Click Here
The Ohio Senate has assigned subHB5 to the Senate Finance Committee, where it will be reviewed further. Click below for more information on why cities still have reason to be concerned.

URGENT (06/05/14):

HB 483UPDATE: The municipal income tax provision that would have forced municipalities to report income received from residents versus income received from non-residents was deleted by the appointed Conference Committee.  Click here for more information.

HB 5 - A revised HB 5 substitute bill (subHB5) was introduced during a press conference on October 23, 2013 by Ohio lawmakers. The House Ways and Means Committee voted on November 6, 2013 to pass subHB5 out of committee, over continued concerns from municipalities.  It then went to the House floor for a vote.  Concerns from municipalities were again voiced to–and subsequently ignored by–the members of the House, who passed the bill (56-41).  The bill was introduced to the Senate Finance Committee on November 19, 2013, and sponsor testimony was heard on May 27, 2014.  Proponent testimony was heard on June 3, 2014.  Click here for more information on where subHB5 can go next on its path towards the Governor’s signature, and click here for a status update on where the bill stands with the Senate (as of June 3, 2014).

SB 282Another bill has been introduced that, if passed, will restrict the ability of Ohio municipalities to provide vital services to its residents and resident businesses. SB 282 seeks to prohibit municipal corporations from levying an income tax on nonresidents’ compensation for personal services or net profits from a sole proprietorship. A report on the bill from the Ohio Municipal League is linked here. More information to follow as it becomes available.

The key to stopping subHB5–and bills like it–from gutting the revenue of Ohio’s municipalities is communication, and time is of the essenceClick here to locate your district’s Senator, and send them an email informing them of the negative impact subHB5 and others will have on your community!

We will keep you updated on any developments as news becomes available.


About subHB5

The House Bill 5 substitute bill will hurt cities because:

  • It forces a five year Net Operating Loss, causing a significant revenue loss for 40% of Ohio’s municipalities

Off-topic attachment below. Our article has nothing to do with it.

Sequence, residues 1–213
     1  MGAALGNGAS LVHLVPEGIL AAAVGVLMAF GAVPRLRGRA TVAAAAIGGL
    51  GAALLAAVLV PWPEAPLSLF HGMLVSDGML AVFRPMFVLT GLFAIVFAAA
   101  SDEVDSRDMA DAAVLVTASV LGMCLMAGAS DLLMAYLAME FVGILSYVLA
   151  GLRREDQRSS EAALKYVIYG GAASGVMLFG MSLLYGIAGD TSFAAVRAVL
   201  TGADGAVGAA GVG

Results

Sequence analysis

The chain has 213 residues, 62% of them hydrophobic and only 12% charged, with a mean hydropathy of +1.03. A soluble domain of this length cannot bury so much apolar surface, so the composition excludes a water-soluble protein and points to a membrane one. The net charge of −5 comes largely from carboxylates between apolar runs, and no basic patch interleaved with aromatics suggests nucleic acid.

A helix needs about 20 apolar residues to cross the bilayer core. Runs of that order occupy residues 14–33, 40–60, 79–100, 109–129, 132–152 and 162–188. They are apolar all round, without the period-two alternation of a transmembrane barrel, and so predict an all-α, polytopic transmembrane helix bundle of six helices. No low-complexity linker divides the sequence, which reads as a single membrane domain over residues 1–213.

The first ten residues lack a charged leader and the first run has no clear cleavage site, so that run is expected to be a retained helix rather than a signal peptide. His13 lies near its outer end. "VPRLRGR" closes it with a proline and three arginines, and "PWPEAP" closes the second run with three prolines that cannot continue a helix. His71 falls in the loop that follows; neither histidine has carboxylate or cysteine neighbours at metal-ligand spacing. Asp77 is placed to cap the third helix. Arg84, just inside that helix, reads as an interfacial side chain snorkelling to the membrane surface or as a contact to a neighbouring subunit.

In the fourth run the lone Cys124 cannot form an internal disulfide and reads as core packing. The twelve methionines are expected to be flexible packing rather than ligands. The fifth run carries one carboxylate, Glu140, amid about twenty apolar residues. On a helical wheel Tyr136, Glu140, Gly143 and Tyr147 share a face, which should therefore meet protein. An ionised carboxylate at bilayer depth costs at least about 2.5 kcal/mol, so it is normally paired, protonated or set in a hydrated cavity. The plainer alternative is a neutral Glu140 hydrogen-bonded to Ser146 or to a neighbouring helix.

• It changes occasional entrant withholding requirements from 12 to 20 days, with no look back to day one for the worksite city (tax “free days”)
  • It allows pass-through entity losses to offset unlike income, regardless of where or how that income was earned
  • It institutes an assessment policy rife with bureaucratic red tape and certified letters (for potentially every piece of correspondence), costing municipalities in postage and staff hours

A municipal income tax system in Ohio that’s reasonable and simple is possible and attainable with the proper legislation.  Join us in helping municipalities around Ohio oppose subHB5 and convince lawmakers to do what’s best for all of Ohio by demanding true uniformity in Ohio municipal income tax.

subHB5 Resources:

Click here to read subHB5 as introduced during the press conference.
Click here to read the House Ways and Means Committee’s Omnibus Amendment to subHB5.
Click here to read the Ohio Legislative Service Commission’s HB 5 and subHB5 comparison.
Click here to read a review of subHB5 from the perspective of Ohio’s municipalities.

Click here to submit your resolution or impact analysis to Ohio United.

Who We Are: Ohio United

We are an advocacy group for Ohio’s cities and villages, initiated by Ohio’s First Suburbs Consortiums and communities from the Cincinnati, Cleveland, Columbus, Dayton and Toledo metropolitan areas.

Mike Summers, Mayor, Lakewood
Jennifer Kuzma, Director, NEO-FSC
Jack Jenson, Executive Director, First Suburbs Dayton
Tom Moeller, City Manager, Madeira
Steve Byington, Vice Mayor, Oakwood
Bill Doering, Councilman, Amberly Village
Ben Kessler, Mayor, Bexley
Earl Leiken, Mayor, Shaker Heights



Recent News and Updates

Tax Officials Continue Meetings To Digest And Identify Unforeseen Consequences To Sub.HB5 – OML Legislative BulletinPosted: 07/24/2014

"Although the legislature is on their summer recess and will not be at the Ohio ...Read More

HB5 Proponent Witness Suggests Municipalities “Tweak” Tax Rates To Make Up Revenue Shortfalls – OML Legislative BulletinPosted: 07/24/2014

"As we had previously alerted our members and legislative bulletin subscribers, ...Read More

OML Holds Annual Income Tax Conference In Dublin – OML Legislative BulletinPosted: 07/24/2014

"Municipal officials from across the state descended upon the city of Dublin two...Read More

Ohio United – UpdatePosted: 07/17/2014

The 2014 OML Tax Administrator’s Conference came to an end on July 11, and as ...Read More

Cincinnati, Cleveland, Atlanta Score High Marks As Most Tax-Friendly Large Cities For Business: KPMG Report – digitaljournal.comPosted: 07/03/2014

"NEW YORK, June 24, 2014 /PRNewswire/ -- Cincinnati, Cleveland, Atlanta, Baltimo...Read More

HB5 Interested Parties Meet For Preliminary Discussion – OML Legislative BulletinPosted: 07/02/2014

"On Monday, Chairman of the Senate Finance Committee Senator Scott Oelslager (R-...Read More

See all of our latest news and updates